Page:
In 2 Kings 18.26-28 [paralleled by Isaiah 36.11-13], 2 Chronicles 32.18 & Nehemiah 13.24, there is mention of Yehūḏîṯ, which literally means "Judaic," "Judaean" or "Jewish [speech]": the language of the kingdom of Yehudah [Judah], which we might say is Hebrew, but which could alternatively be a dialect specific to the tribe of Yehudah (cf. Judges 12.1-7). At any rate there is nothing in any of these passages about God speaking or writing, nor is the term "Hebrew" ever employed (although it is [mis]translated to say that in a few English Bibles).
As a matter of fact, in the Bible itself (at least the parts thereof considered to be canon by most Christian groups) the first time that Hebrew is mentioned as a language is actually in the New Testament.1 There is no direct or explicit reference anywhere in the Old Testament to a language called Hebrew nor is there even a phrase like "the language of the Hebrews" which might perhaps at least imply such a phenomenon.
A Babylonian in the Land of Canaan
Variations of the term "Hebrew" appear 34 times in the Old Testament, always in reference to a person or a group of people. The first such instance is in Genesis 14.13, where Abram is called "the Hebrew", which at the time was not an ethnonym, Abram himself being a Babylonian (or "Chaldean")2 and having friends or acquaintances among the Egyptians (he was a guest of one of the Pharaohs, according to Gen. 12.10-20), the Philistines (he cut a covenant with a Philistine king, Abimelech, in Gen. 21.22-34, to which king God spoke in Ch. 20), the Hittites (from whom he bought his family tomb in Gen. 23) and the Canaanites (consisting of roughly ten goyim/ethnoi, "tribes/nations"3, in whose land he dwelt for the second half of his lifetime).
It might be safe to deduce from the above that Abram/Abraham was multilingual, able to speak Akkadian (Middle Babylonian in his case4) and Hittite; the Proto-Arabic of ancient Canaan; and the languages of the Egyptians (perhaps Middle Egyptian at his time) and the Philistines. It may be that he did not even know of a Hebrew language. The alternative to this would be to assume (and it's just as much an assumption as is any other theory) that Abraham necessarily chose to speak Hebrew (wherever he would have acquired it from) and that all these different peoples he encountered necessarily spoke his language of choice, including his Amorite comrades Mamre, Aner and Eshcol (see again Gen. 14.13), and also his God.
The Slave Who Named God
Abraham's wife Sarah had an Egyptian slave named Hagar, who is the first person in the Bible to ever give God a nickname. In Gen. 16, Hagar also bestows upon the well between Kadesh and Bered the presumably Hebrew name of Be'er-Lahai-Roi, the "Well of the Living One Who Sees Me," because there she had seen God and spoken to him. One might conclude from this that the conversation between God and Hagar took place in Hebrew, but it could just as well have been conducted in Hagar's native Egyptian dialect and, after her naming of the well, either she or its later users translated the name into the local Canaanite dialect (from which eventually Hebrew might have originated).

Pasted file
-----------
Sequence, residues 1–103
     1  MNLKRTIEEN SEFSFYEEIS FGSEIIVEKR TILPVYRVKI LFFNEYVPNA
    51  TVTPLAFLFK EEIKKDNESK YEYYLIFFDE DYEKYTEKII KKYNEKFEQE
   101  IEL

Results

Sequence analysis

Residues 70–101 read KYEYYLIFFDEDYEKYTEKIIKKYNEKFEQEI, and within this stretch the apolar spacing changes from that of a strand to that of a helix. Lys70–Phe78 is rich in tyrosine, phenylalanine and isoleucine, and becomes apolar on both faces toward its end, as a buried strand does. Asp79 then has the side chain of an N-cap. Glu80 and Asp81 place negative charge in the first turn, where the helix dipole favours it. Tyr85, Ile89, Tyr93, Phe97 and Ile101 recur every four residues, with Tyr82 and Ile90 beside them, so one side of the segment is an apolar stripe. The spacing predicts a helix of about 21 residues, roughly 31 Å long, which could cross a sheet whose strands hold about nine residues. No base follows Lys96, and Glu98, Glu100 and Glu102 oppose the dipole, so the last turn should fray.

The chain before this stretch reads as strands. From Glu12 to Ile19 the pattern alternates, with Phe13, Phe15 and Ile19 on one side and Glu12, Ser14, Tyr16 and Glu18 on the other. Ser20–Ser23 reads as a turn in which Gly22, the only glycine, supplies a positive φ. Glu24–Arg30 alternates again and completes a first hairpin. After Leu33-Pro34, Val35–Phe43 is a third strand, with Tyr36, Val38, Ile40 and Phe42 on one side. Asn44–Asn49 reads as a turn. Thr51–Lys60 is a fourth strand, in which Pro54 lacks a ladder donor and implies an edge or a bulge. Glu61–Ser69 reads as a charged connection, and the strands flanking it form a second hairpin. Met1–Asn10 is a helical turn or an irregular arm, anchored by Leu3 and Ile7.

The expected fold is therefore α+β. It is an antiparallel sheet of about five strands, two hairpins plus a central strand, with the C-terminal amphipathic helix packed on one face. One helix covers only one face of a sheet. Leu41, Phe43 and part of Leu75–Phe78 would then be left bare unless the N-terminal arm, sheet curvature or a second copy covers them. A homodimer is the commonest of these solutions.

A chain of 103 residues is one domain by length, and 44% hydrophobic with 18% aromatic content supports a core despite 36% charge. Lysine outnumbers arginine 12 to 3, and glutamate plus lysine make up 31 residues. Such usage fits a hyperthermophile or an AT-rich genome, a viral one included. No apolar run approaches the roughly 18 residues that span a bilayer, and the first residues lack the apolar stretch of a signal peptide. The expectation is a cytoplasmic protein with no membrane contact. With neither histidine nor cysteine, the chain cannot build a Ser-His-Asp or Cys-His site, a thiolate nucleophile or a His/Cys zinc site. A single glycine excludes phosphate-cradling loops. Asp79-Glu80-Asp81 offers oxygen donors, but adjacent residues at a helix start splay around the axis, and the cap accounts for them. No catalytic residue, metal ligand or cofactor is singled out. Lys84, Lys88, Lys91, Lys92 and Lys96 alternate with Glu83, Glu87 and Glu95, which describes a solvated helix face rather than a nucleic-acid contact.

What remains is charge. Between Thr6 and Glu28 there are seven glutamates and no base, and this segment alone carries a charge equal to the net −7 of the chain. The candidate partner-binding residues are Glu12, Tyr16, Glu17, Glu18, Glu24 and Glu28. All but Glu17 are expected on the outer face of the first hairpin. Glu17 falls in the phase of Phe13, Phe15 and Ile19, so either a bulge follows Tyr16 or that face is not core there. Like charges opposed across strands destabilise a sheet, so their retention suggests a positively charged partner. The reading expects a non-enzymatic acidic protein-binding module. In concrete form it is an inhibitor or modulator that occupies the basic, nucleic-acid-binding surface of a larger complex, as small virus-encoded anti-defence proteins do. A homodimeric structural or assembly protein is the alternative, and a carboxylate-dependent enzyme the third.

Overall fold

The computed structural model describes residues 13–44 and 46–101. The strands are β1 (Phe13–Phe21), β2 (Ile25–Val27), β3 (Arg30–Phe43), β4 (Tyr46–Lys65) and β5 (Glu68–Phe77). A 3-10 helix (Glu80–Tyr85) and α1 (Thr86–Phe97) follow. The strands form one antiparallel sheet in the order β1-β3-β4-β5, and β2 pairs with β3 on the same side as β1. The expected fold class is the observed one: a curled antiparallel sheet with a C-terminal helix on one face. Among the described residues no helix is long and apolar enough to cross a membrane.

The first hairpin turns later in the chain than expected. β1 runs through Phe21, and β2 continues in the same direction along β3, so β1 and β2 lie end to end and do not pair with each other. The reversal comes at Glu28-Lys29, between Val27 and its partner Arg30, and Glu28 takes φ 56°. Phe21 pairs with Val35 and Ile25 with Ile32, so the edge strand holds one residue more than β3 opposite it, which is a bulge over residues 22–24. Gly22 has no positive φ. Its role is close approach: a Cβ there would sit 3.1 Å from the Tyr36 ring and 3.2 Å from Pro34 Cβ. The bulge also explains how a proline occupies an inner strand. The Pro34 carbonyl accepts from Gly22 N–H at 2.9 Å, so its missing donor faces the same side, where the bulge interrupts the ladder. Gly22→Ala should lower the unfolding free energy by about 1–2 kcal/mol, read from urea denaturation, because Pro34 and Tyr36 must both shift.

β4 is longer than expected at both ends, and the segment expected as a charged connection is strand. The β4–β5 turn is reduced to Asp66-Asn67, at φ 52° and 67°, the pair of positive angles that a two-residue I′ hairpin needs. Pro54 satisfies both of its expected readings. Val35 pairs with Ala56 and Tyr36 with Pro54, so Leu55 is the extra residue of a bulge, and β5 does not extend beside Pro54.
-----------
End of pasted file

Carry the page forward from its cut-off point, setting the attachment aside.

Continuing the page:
Diverse Cultural and Ethnic Origins
In Gen. 42, Joseph, a great-grandson of Abraham and Sarah, meets his brothers in Egypt years after they have sold him into slavery. V. 23 of this chapter indicates that Joseph's brothers, who think he is merely an Egyptian, are also under the impression that Egyptians typically do not understand their speech. Joseph helps this assumption along by necessarily using a translator to communicate with them. There is, however, no mention whatsoever of what language is being spoken by anyone in the scene, nor, for that matter, by anyone in Egypt or Canaan.
A few generations after Joseph, in the Book of Exodus, it is in this East African environment, filled with points of contact with foreigners of various stripes, that Moses and his fellow Israelites find themselves. If Moses was indeed raised by and as Egyptian royalty5 it stands to reason that he spoke and wrote Egyptian quite fluently. (The Ancient Egyptian name for their hieroglyphical script is Medw Neter, the "Words of God."6) If he didn't already speak the language of the Kenites of Midian before he married the daughter of their priest7 then surely after forty years living among them8 he must have become quite well-versed in that tongue as well. And if Moses' Kushite ["Ethiopian"] wife mentioned in Numbers 12.1 is the same person as the Kenite's daughter, then the Kenites themselves seem to have been a diverse and—it would stand to reason—multilingual population, possibly best described as Afro-Arabian (not unlike many Northeast African, South Arabian and South Indian ethnic groups of the modern era).